As he leaned under the long bench row, Keith squinted. Something was out of place. In the corner, white powder had been spread about, like someone had dropped a bag of flour. Keith swept at it. There was too much. He leaned in little closer; bits of wallpaper and actual wall were hanging loose, like something inside had been chewing at the drywall.
“Ryan, have we got rats?”
No answer. The kid was counting.
Keith turned back. He knelt down. Oh, that didn’t feel good. Despite all his activity and love of sport, he had old-man-knees. Some guys his age were already dead and others well on their way. A creaky knee was nothing to complain about.
Keith ran his finger through the powder. Definitely drywall. He leaned his head under the bench, low enough so that his ear touched the floor. There was a hole wide enough, deep enough for a man to crawl into. Deep inside, light was coming thru. Maybe from a parking lot light? How had no one noticed this?
Keith thought to stick his arm in but that was a good way to get it bitten off by whatever was living in there. The broom handle was out of reach. So he did the next most logical thing.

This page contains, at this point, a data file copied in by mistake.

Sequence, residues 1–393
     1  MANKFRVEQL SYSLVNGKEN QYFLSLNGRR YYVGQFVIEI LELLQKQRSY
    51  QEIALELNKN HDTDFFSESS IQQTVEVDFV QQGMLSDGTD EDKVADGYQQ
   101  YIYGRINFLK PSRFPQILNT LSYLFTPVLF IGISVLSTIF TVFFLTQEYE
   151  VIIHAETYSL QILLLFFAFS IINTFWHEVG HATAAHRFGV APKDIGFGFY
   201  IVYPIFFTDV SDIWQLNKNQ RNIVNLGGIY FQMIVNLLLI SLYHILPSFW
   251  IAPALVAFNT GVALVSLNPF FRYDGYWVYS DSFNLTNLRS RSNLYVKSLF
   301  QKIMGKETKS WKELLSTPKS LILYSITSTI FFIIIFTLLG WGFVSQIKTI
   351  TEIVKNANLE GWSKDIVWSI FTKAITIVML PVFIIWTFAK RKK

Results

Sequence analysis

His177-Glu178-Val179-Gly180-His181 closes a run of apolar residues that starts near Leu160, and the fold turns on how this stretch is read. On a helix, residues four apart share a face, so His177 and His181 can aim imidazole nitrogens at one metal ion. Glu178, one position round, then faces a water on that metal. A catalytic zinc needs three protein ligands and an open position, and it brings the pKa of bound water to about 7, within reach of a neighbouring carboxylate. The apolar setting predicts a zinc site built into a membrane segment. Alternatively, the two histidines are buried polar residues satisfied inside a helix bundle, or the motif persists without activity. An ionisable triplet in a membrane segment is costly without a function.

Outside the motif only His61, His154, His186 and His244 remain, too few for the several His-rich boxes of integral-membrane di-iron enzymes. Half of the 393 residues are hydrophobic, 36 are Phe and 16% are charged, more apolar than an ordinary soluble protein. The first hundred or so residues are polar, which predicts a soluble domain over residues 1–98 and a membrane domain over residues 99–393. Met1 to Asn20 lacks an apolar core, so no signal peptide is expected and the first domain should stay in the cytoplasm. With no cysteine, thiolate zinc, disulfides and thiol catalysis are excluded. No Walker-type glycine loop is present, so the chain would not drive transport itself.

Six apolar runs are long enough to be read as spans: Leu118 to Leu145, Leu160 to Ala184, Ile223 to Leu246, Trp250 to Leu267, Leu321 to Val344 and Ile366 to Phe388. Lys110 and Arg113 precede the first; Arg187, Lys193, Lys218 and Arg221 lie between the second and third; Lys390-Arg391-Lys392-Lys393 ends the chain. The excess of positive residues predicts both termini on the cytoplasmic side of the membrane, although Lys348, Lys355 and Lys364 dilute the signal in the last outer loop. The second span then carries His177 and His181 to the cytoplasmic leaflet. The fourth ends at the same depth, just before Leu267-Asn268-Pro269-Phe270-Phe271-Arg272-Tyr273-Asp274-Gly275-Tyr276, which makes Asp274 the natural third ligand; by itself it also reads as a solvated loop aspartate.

He stuck his head in.
It looked like the inside of a wall. Stud beams and dusty aluminium wire casings ran like small ribbed pipes. Beyond that, he couldn’t quite tell, but it seemed a larger room existed. And that’s where the light appeared to be coming from. Well, he’d come this far.
He started crawling right in.
His black work pants were no doubt gonna need a trip through the washer after this. His shoes banged as he slid through the hole in the wall; inside it was just framing and cobwebs, typical wall stuff. With all the upper body strength he’d maintained, Keith pulled himself forward. He hadn’t realised it yet, but he was following a familiar old scent. He could the light clearer now, and that it was coming from a room. He slid thru the wall, tumbled onto brown stone tile and quickly got to his feet.